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Mentoring Future Generations

by Mike Wilkinson on July 20, 2010

TexPREP students trying out a pneumothorax (collapsed lung) detection device.

Whether you’ve met me once or have known me for years, you may have noticed I have many passions – product innovation, entrepreneurship, family, friends, and sailing.  The order may change depending on the day, but what ever I am doing, I do with passionate enthusiasm.

Last week, Paragon had the privilege of hosting once again a group of high school students participating in the TexPREP-Lubbock summer program sponsored by the Department of Mathematics and Statistics at Texas Tech University.  TexPREP is an intense academic, mathematics-based, summer enrichment program for high school student in nine counties surrounding Lubbock, Texas.

Paragon was first approached in 2001 to be one of two engineering companies — Bell Helicopter being the other company — in the Dallas area to sponsor a group of TexPREP students.  At first, we were a little nervous about how we would entertain and educate them for an afternoon, especially when the following day they would be visiting Bell Helicopter.  Helicopters are really cool.  However, the students thoroughly enjoyed the variety of projects we demonstrated and the hands-on learning.  Since that time, Paragon continues to be the host engineering firm in Dallas for TexPREP-Lubbock.

So you may ask “why do we take time to talk with high school students?”  My passion for participating in TexPREP is I want future generations to be aware of small business and entrepreneurship and see them as an option for their careers.  I think it is important for them to understand the value of small businesses and the need for skills and knowledge in running a business in addition to engineering capabilities.

One of the most important skills is the ability to communicate clearly, both orally and the written word.   As an engineer, it’s not enough to communicate with other engineers. Eventually, you have to leave your office and interface with other people within the organization, whether it’s with your manager, sales and marketing, or customers.  To be successful in your career, you will have to communicate clearly and effectively every day.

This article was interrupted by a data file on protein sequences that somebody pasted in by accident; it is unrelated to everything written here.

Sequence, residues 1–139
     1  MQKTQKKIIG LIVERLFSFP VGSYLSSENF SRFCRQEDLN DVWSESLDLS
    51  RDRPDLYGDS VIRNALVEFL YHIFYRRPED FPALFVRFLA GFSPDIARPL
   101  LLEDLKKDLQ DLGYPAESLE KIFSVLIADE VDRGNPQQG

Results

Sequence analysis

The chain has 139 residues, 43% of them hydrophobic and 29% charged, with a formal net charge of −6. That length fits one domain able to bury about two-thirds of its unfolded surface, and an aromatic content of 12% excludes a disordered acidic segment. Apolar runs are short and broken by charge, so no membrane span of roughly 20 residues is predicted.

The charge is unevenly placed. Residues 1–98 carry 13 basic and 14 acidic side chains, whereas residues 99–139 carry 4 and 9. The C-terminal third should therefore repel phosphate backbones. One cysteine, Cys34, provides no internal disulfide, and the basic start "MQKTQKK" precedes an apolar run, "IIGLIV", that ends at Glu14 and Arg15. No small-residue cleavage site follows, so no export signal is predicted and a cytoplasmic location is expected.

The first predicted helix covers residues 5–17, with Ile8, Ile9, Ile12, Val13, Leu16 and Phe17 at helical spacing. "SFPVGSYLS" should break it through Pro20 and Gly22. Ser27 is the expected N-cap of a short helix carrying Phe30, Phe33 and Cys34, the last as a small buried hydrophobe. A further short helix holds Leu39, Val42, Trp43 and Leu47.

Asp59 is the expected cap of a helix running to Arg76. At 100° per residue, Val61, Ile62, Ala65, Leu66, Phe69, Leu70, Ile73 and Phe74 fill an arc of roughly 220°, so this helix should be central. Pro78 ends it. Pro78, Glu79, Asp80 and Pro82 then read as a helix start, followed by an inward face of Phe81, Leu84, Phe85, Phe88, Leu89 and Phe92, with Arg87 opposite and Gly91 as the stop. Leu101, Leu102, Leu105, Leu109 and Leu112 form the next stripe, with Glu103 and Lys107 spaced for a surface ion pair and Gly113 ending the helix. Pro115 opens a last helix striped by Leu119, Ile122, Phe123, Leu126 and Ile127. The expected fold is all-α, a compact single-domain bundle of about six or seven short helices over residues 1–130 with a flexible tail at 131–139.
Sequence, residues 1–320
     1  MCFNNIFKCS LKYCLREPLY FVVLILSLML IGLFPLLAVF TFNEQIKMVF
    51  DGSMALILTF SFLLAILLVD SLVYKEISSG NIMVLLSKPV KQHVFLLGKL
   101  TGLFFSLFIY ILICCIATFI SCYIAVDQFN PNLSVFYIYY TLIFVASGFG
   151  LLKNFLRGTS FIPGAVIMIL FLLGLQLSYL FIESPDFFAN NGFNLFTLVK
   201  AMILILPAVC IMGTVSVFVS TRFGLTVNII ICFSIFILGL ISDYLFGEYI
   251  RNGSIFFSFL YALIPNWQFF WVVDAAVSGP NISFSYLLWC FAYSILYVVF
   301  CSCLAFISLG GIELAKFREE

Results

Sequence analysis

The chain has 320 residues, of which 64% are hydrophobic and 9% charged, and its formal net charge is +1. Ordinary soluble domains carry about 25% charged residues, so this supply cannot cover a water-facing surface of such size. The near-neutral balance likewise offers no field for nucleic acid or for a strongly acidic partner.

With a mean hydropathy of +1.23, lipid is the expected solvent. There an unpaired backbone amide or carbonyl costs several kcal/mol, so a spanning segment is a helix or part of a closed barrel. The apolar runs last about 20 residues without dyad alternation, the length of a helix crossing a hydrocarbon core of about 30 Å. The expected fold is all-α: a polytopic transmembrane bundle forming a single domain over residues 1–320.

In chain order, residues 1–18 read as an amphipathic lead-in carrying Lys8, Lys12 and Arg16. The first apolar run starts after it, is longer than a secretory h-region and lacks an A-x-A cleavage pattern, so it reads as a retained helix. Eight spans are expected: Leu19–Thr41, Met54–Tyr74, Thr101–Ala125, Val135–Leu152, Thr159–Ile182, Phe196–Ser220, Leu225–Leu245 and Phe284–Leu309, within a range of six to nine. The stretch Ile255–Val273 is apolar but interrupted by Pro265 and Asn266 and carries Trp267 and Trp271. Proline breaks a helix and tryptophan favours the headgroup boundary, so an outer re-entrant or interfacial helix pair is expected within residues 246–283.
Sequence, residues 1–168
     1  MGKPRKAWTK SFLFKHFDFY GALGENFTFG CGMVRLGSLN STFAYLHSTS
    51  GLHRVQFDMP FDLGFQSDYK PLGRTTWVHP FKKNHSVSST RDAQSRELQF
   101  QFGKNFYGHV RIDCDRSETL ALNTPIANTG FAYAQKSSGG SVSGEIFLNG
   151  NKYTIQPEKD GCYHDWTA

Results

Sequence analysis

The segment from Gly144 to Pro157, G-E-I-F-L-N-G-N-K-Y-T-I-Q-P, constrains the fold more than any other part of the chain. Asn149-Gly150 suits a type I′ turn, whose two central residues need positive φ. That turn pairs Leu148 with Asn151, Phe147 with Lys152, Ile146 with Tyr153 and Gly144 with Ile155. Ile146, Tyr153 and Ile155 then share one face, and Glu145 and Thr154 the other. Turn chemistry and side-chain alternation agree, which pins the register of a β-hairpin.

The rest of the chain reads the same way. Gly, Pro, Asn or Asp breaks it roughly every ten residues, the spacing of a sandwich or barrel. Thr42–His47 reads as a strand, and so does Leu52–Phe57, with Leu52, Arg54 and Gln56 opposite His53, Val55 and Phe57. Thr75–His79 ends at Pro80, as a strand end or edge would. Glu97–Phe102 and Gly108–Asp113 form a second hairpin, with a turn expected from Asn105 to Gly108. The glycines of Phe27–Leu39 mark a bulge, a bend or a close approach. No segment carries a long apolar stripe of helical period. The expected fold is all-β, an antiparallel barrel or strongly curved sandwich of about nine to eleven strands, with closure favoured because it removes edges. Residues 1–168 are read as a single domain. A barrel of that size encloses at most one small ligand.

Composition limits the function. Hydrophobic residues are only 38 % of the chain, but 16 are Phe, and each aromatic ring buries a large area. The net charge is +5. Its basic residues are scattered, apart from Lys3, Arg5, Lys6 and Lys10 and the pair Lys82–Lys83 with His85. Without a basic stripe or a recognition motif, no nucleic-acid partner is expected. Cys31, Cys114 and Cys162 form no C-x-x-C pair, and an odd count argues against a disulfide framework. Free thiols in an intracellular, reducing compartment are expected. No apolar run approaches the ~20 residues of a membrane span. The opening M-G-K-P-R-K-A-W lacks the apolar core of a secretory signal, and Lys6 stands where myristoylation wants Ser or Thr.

To emphasize this point, I shared a conversation I had with a customer.  I had been talking with a Senior VP of a multi-billion dollar company who was having problems with a new product they had just released.  We had been asked to test the product and determine what the problems were and how we could fix them.  I could have provided our customer with a detailed technical explanation of the problem and recommended solution.  However, I knew from experience that he wanted a clear and concise discussion that I understood the problem.  Our team understood the problem.  We knew what the solution was, the cost to solve it, and the time frame to complete.  And, we were confident that we could make it happen and test it appropriately.  It was very important to communicate our expertise and knowledge so that our customer had confidence in our ability to deliver.

We have some of the best and brightest engineers at Paragon, and they work smart every day for our customers.  They also love to talk about their work.  While the TexPREP students were visiting, a few of our engineers took them around the office to showcase a variety of projects we’ve developed over the last few years.  It was a great experience for our team to share their passion for product innovation and communicate so that the students could appreciate and understand.  It was a wonderful opportunity to inspire and encourage.

It’s never too early to begin the mentoring process with the next generation of engineers and entrepreneurs.  They are our future and exciting innovations will come from their enthusiasm, vision and passion.  I am proud to be a part of their future.

What are you passionate about?

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